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Redbox Looking to Work Through Challenges

The DVD rental kiosk operator is addressing fourth-quarter inventory problems and faces a possible push by Time Warner to lengthen the delay with which it gets product.

NEW YORK -- DVD rental kiosk operator Redbox has started taken measures to address issues that caused its fourth-quarter results to underperform.

Paul Davis, CEO of Redbox parent company Coinstar, told analysts on a Thursday earnings conference call that the company remains comfortable with the 28-day delay with which it gets DVDs from several studios, even though the delay caused holiday season results to fall short of expectations.

However, the company's measures are designed to optimize inventory in its rental kiosks after weaker-than-hoped fourth-quarter consumer demand created inventory impasses.

Asked about the possible impact of a lengthening of the 28-day window as suggested Wednesday by Time Warner CEO Jeff Bewkes, Davis said Redbox's studio partners mostly seem pleased with the window, the company is "very pleased" with its studio relationships, and it has long-term product contracts. For example, its deal with Warner runs through this year, the company said. If the window ends up getting extended too far, "we can always go back to the workaround," Davis said.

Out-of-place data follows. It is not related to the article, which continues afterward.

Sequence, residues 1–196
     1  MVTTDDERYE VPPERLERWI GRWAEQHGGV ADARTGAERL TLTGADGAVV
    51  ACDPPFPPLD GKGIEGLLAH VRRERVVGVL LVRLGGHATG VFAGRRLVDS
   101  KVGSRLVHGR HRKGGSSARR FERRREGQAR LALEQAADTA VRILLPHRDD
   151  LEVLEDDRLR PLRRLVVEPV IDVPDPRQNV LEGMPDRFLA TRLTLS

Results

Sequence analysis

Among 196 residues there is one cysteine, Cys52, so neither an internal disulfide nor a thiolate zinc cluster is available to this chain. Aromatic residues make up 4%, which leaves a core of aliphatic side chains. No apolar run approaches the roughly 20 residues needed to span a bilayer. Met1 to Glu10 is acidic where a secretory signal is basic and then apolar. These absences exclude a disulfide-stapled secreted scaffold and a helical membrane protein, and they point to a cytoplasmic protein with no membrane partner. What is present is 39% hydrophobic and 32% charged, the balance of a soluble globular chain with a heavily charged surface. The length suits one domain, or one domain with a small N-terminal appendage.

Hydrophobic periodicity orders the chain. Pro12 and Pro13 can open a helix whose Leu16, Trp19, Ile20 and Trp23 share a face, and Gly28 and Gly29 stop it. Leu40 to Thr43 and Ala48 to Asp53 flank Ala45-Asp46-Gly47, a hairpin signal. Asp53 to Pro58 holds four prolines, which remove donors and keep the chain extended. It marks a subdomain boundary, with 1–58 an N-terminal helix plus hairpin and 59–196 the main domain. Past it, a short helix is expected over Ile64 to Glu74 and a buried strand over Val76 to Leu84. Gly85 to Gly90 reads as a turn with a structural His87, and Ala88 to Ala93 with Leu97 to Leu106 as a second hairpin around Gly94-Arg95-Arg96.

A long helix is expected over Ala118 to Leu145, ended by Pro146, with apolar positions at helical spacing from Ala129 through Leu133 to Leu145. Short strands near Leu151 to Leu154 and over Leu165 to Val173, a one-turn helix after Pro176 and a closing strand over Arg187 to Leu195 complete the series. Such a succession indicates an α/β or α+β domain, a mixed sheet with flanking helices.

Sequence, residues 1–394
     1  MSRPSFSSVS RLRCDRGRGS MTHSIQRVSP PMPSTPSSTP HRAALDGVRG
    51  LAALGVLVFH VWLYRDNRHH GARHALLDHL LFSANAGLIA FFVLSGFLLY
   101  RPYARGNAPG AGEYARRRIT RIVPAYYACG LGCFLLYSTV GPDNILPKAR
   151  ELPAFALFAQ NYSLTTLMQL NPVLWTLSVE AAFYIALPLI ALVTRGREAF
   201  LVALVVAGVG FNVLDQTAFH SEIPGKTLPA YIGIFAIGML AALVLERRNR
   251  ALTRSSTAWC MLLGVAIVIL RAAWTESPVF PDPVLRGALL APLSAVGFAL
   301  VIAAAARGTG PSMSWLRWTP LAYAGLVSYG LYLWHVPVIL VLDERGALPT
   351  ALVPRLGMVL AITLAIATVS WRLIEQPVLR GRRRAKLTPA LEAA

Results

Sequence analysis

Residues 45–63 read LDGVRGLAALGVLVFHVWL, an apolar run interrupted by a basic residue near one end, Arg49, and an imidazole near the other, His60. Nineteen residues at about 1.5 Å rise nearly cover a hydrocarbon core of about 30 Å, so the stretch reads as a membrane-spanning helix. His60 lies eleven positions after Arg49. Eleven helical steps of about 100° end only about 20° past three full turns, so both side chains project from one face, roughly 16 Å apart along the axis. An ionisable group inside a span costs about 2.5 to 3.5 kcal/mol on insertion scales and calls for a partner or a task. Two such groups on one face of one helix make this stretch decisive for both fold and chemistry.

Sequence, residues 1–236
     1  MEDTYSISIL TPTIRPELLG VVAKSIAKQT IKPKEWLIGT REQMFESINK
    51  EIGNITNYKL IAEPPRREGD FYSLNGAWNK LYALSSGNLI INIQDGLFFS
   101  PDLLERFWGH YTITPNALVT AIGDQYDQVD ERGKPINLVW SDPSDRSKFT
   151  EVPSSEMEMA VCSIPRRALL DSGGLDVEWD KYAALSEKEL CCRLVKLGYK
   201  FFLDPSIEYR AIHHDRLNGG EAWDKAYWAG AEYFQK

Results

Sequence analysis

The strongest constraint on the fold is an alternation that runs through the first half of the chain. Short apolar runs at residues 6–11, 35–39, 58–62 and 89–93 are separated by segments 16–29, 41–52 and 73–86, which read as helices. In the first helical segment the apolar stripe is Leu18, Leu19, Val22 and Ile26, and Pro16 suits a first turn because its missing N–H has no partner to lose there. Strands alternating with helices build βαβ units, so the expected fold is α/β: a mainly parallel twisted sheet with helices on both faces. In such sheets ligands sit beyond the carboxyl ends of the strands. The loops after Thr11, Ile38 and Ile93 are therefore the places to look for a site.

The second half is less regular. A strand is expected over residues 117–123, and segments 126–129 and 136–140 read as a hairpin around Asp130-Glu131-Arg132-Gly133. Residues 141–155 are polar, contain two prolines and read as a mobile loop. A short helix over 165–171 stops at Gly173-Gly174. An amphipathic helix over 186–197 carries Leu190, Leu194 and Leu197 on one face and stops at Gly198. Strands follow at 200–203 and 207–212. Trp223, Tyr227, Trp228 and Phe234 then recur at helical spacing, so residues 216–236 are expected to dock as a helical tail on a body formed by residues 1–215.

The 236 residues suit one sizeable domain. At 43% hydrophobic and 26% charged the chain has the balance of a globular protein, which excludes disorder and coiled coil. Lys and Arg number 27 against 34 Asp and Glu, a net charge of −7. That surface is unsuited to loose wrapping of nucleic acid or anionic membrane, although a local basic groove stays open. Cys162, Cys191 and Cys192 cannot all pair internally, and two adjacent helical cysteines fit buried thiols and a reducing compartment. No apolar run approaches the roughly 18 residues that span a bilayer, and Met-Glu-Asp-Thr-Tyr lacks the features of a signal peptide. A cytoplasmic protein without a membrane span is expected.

That "workaround" consists of the company going out and buying copies of movies at retail stores. However, some big retailers have limited the number of copies of each title that people can buy to avoid mass purchases, which means that Redbox may not always get enough copies of movies.

Meanwhile, the DVD rental kiosk firm is working to address its holiday season problems. For example, Redbox is adjusting inventory to account for a slower-than-expected uptake of Blu-ray by its users and devising new systems to react more quickly when title imbalances occur when more people return DVDs to locations that they didn't rent them from. Management said that in the fourth quarter more than 40 percent of product ended up being returned to different kiosks. That caused some kiosks to have too many or too few copies of certain films, which in turn led to a lower-than-expected average number of rented DVDs.

The measures to address the issues will only fully kick in around the end of the current first quarter or start of the second quarter, management said as Coinstar provided a first-quarter outlook that included a profit estimate that fell short of Wall Street expectations. Coinstar shares fell in after-hours after already seeing a big decline when it recently warned about its fourth-quarter results.

For the current quarter, Coinstar told investors it would generate $400 million-$420 million in revenue and a profit of 15 cents-25 cents per share.

The first quarter looks weaker than the rest of the year for Redbox due to remaining inventory  challenges and the fact that Easter last year fell into the first quarter, but is this year part of the second quarter, executives said.

For the full year 2011, Coinstar said it expects Redbox to record revenue of $1.42 billion-$1.56 billion.

Management on Thursday also reiterated that it is in "deep" discussions with possible partners for a Redbox-branded streaming video service, which would compete with Netflix, that it still plans to roll out some time this year.

The company didn't provide new details on possible partners or prices for the service.

Redbox will also decide on the broader rollout of a video game rental service that it has been offering in some areas in the coming quarters, the companies said.